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Mezcal is a spirit distilled from one of many agave species within one of the eight approved Mexican states.
There are over forty different species of agave used to distill mezcal. COMERCAM is the Mexican Authority that oversees and protects the standards for all mezcal production. Due to the limited demand for mezcal, the majority of American imported mezcals are still produced in the traditional method, which dates back centuries.
Mezcal embodies a range of flavors consistent with the number of agave species, regions, and producers. Traditionally produced mezcals generally have varying notes of smoke and herbaceousness.
The most traditional way to drink mezcal is neat. As mezcal grows in popularity, it is increasingly used as a base in cocktails. Trendsetting chefs are beginning to use mezcal as an ingredient in their dishes.
Tequila is a mezcal from the state of Jalisco that has very specific rules regarding how it is produced. Similar to how America places strict rules around the process and ingredients used to produce certain spirits like Kentucky straight bourbon, or the way countries like France define their different wine regions with Appellation d’Origine Controlee (AOC), Tequila is governed by its own rules. It can only be made with the Azul agave (Weber), unlike mezcal which can be produced from a number of different agave species. Tequila has to be produced from a state sanctioned distillery, while mezcal is still often times made is small local distilleries by families who have produced mezcal for generations.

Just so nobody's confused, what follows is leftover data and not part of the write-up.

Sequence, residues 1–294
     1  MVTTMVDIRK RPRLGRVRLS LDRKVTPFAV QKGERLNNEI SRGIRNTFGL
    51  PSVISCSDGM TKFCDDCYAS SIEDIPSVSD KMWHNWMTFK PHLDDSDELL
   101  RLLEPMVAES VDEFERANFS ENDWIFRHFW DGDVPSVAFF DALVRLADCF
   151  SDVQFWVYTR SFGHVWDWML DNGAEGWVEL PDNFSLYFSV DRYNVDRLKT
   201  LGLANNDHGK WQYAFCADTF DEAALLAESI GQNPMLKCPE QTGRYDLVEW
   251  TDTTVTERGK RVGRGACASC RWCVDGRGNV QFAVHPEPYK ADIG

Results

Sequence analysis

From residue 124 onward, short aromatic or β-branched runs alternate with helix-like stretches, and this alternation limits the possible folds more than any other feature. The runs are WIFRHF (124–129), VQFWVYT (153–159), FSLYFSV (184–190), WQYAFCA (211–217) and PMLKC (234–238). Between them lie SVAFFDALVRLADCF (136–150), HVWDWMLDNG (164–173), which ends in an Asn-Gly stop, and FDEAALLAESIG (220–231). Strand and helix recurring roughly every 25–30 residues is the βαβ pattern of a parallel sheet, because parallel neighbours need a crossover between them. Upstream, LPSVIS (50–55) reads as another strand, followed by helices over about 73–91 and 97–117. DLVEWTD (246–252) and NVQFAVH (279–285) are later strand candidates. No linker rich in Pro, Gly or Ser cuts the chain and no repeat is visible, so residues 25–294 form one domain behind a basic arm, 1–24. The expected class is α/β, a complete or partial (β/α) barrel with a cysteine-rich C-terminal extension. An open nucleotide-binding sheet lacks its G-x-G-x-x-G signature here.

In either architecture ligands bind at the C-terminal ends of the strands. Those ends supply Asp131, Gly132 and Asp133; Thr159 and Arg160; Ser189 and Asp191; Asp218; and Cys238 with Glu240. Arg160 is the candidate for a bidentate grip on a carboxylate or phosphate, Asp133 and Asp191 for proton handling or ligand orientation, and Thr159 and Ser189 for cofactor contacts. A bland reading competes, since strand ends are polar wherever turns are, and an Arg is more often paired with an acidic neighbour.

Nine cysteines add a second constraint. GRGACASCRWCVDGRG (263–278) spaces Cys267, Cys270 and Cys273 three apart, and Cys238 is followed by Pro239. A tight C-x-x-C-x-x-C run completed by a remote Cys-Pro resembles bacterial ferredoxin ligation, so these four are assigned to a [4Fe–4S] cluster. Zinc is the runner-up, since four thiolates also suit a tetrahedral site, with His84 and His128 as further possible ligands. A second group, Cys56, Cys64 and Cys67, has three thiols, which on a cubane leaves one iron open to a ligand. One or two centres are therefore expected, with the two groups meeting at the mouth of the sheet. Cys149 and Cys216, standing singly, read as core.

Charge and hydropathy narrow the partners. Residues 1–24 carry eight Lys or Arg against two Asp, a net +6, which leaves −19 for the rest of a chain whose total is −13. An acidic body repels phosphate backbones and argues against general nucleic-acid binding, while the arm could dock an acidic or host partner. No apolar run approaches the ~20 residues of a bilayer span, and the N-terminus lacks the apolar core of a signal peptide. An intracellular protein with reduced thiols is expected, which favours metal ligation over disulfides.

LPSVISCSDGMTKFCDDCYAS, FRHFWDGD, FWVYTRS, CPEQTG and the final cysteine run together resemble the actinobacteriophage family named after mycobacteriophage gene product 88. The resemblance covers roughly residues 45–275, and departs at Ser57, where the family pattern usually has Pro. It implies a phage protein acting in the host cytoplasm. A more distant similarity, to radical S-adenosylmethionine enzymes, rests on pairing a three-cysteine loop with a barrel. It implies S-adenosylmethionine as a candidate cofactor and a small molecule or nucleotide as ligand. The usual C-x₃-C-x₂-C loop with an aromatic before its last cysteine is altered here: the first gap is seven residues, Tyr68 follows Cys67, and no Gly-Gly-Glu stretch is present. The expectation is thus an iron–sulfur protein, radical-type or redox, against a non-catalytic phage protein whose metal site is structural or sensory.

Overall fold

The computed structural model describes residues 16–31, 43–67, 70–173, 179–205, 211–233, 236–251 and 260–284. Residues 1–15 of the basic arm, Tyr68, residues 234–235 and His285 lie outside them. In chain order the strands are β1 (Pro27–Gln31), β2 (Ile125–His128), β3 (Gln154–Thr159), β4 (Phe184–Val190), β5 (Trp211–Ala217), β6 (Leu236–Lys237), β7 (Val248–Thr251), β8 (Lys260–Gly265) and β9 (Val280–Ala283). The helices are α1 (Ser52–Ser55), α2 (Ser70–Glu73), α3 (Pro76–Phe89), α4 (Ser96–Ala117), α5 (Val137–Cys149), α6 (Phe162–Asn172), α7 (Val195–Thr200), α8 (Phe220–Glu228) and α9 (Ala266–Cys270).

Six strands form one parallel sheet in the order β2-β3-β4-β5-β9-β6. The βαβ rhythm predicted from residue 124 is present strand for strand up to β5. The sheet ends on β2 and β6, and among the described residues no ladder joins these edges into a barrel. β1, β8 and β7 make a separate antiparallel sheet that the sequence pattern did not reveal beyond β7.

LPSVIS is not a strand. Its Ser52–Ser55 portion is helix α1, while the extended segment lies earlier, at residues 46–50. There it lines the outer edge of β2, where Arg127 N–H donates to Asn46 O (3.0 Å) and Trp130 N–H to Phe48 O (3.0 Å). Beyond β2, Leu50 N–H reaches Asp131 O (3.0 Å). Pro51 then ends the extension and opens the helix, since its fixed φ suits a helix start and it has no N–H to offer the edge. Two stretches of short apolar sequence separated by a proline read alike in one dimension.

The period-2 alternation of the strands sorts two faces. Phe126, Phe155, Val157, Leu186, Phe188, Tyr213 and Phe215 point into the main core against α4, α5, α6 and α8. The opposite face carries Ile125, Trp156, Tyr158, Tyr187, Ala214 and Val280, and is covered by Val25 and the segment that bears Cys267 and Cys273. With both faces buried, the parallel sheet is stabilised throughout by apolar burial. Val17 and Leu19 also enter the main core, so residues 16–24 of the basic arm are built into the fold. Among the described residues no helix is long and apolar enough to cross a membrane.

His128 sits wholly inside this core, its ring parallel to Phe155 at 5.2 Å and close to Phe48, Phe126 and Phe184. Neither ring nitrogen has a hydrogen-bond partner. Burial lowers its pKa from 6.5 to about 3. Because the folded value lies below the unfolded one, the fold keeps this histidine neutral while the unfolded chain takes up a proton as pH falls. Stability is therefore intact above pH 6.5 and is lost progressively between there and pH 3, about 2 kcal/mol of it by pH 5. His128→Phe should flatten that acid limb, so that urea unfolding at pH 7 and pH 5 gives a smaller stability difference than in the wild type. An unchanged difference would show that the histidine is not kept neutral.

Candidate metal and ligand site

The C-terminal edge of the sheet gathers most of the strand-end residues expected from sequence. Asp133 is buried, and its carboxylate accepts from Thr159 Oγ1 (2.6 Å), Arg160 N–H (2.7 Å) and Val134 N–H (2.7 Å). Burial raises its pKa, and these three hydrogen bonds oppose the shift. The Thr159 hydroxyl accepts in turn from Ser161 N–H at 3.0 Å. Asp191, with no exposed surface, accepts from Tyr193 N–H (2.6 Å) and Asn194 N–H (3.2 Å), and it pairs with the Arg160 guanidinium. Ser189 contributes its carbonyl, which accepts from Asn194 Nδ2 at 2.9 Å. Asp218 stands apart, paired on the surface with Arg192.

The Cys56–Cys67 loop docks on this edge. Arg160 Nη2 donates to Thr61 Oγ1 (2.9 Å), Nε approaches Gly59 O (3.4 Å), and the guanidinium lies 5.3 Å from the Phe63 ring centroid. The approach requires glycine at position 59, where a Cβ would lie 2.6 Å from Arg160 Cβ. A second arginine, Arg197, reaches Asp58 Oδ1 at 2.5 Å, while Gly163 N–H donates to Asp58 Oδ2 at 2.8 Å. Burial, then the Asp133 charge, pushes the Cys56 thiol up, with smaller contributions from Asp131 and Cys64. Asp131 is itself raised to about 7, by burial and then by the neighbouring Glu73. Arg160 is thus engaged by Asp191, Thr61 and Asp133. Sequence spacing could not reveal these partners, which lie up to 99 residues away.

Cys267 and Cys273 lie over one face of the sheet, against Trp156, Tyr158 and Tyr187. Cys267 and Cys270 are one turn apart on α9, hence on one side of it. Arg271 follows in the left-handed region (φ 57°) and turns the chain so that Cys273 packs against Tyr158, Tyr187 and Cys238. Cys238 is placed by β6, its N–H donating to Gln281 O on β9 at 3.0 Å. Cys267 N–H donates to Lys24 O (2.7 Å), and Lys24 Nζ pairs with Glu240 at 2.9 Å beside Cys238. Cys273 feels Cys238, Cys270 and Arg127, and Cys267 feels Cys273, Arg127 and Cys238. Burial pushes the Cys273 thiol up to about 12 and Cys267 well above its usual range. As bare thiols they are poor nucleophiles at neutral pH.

The main flavor profile difference between the two comes from the different processes used to convert the starches from the agave heart (pina) to sugars. Tequila uses an industrial oven that is basically a large pressure cooker which does not add any flavor to the agave. Mezcal is traditionally produced with a man made earth oven pit using mainly oak and sometimes mesquite as a fuel to cook the agave hearts. This adds the smoky characteristics that mezcal enthusiasts enjoy.
The largest markets for mezcal in the United States are New York, California, and Texas. Mezcal is found in many restaurants as well as retail shops in these states. There is also a growing number of online retailers that carry and ship mezcal throughout the US.